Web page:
Several years ago, I stopped buying face wash and lotion.
And while this might seem drastic, it was the best thing that could have happened to my skin. Yes, there might have been some element of my decision that had to do with not being able to pronounce the names on the back of the bottles, or perhaps I was a bit fed up with so much spending, and convinced there had to be a more cost effective way. But the reason I found myself at that crossroad in the first place was that my skin had stopped feeling like my skin.
After doing some reading, oils were an interesting proposition. On one hand, the idea of washing and moisturizing with something like oil seemed strange, and differed from the foaming effect I've typically recognized as "cleaning." On the other, I was coming off of a harsh winter, and tired of always doing what seemed like more to try and combat my skin issues. Doing less just seemed like a better choice.
And then, I found Daphne Miller.
Miller, a family physician, sought to understand how the environment and what we put in and on our bodies affects health in her two brilliant books: "The Jungle Effect: Healthiest Diets from Around the World--Why They Work and How to Make Them Work for You" and "Farmacology: What Innovative Family Farming Can Teach Us About Health and Healing."
"Farmacology" is part investigative reporting, part anthropology. In the book, Miller visits several family farms around the country to understand what might be lacking in typical allopathic medicine's approach as a means to better enhance her approach towards ailing patients within her own practice. In the final chapter, she turns the search towards herself and an embarrassing skin problem and heads to Evan Healy and an aromatic herb farm. Reading about what she finds (sustainable beauty! the benefits of natural plants! vibrational energy in products!) reinforced the need to simplify my routine, and try a new and more natural approach: oils.
I haven't looked back since. I now stock an arsenal of therapeutic skincare oils that I use to cleanse and moisturize my skin - which feels healthier these days than ever. It's also the first tip that I passionately share with friends who are looking to shake up their beauty routine or find themselves frustrated by the look and feel of their skin, despite ongoing attention and spend.
Below are a few key oils and links to brands that I love and use. Many are widely available at a natural grocery store or online. I've also included a few tips on how I've found most effective use of them.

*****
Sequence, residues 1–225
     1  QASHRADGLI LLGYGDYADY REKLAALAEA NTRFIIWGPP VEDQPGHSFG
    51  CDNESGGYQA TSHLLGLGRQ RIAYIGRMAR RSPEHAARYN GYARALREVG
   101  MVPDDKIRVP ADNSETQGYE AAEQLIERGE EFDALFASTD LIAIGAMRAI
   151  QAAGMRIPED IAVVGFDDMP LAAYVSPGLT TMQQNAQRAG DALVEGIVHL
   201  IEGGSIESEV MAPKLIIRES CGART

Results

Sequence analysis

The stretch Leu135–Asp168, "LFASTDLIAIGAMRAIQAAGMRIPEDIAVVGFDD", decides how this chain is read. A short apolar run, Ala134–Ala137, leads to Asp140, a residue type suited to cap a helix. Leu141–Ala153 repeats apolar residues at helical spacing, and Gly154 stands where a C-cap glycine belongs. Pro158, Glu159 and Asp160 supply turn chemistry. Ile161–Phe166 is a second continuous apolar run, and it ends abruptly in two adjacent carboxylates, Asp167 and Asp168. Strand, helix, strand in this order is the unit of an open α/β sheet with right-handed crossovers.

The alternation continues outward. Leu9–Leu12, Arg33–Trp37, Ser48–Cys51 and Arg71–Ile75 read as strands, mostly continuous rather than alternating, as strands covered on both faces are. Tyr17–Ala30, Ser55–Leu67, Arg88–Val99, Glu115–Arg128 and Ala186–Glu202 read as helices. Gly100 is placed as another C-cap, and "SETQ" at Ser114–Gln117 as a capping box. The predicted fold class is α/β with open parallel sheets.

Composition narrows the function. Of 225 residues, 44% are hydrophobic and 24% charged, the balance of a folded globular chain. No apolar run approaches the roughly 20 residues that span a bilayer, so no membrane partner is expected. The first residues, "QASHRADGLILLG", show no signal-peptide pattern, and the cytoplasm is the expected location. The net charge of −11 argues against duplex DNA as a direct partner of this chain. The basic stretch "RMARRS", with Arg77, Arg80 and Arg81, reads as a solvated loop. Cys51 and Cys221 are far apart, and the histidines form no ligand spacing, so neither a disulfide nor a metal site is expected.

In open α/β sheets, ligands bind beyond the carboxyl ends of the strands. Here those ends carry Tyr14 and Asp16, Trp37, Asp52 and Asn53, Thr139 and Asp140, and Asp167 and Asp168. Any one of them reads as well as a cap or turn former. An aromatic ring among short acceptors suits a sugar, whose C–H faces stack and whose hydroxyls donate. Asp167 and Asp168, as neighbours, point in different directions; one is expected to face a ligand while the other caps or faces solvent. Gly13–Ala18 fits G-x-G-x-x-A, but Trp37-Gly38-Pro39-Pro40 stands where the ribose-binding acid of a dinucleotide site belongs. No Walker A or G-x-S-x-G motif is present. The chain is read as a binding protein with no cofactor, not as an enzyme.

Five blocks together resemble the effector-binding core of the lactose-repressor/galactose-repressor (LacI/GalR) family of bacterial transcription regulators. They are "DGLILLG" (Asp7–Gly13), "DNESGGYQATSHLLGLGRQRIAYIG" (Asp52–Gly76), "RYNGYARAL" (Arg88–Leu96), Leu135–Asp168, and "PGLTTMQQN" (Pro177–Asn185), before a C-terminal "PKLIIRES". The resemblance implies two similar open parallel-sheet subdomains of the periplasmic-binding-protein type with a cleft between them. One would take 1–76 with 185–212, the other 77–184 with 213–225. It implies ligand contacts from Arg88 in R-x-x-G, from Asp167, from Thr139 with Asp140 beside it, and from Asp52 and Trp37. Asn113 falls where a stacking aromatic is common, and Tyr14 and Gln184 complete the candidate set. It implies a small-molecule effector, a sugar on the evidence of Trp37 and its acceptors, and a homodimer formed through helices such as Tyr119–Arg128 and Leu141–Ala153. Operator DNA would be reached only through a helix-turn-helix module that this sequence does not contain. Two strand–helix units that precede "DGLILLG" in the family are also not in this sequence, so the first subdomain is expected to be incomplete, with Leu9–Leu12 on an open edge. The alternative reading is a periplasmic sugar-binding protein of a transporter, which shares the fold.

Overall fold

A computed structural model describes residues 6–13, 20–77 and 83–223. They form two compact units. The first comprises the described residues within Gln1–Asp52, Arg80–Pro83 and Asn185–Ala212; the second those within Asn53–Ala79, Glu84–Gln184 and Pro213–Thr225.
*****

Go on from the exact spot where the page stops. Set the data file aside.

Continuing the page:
As a note, all skin is different. It's important to test out what works best and discontinue use if issues occur.
Favorite Skincare Oils
Kukui Nut Oil: The oil that started my journey, this one is extracted from the official tree of Hawaii and is filled with essential fatty acids. It's emollient and completely luscious for cleansing and when applied on body or face after a warm shower.
Rosehip Oil: Rosehips oil is amazing for giving dehydrated and dry skin a drink. Also full of fatty acids, this one is great for balancing combination skin. I use this one for moisturizing, rather than cleansing.
Jojoba Oil: Extracted from jojoba tree seeds (Simmondsia chinenis), jojoba is an excellent moisturizing oil, and one good for oily skin as wax ester (what it actually is) is extremely similar to human sebum (also known as the oil on your face). This one also absorbs nicely so I keep it in my gym bag to cleanse after exercising and showering.
Grapeseed Oil: Full of linoleic acid, grapeseed oil is a restorative one, and I've noticed it helps prevent clogging in pores. It's extremely light and skin-tightening, so I balance it with a more hydrating oil for cold dry days.
Sweet Almond Oil: Sweet almond is high in vitamins E, A, B1, B2, and B6. It's also an excellent massage and carrier oil, and gorgeous when used on the body or to enhance other oils on the face.
For cleansing, I prefer to splash my face with warm water and drop a small amount of my chosen oil into my hand. I then rub my hands together and apply to my face, always performing a facial massage for several minutes. I then get a small washcloth damp with warm water and use that to gentle massage my skin. After one final splash of water, I then massage my face until dry. That's right - I don't dry my skin with a towel.
For moisturizing, simply perform the same facial massage without water. If you plan on using makeup, let oil absorb for several minutes. Avoid use on eyes.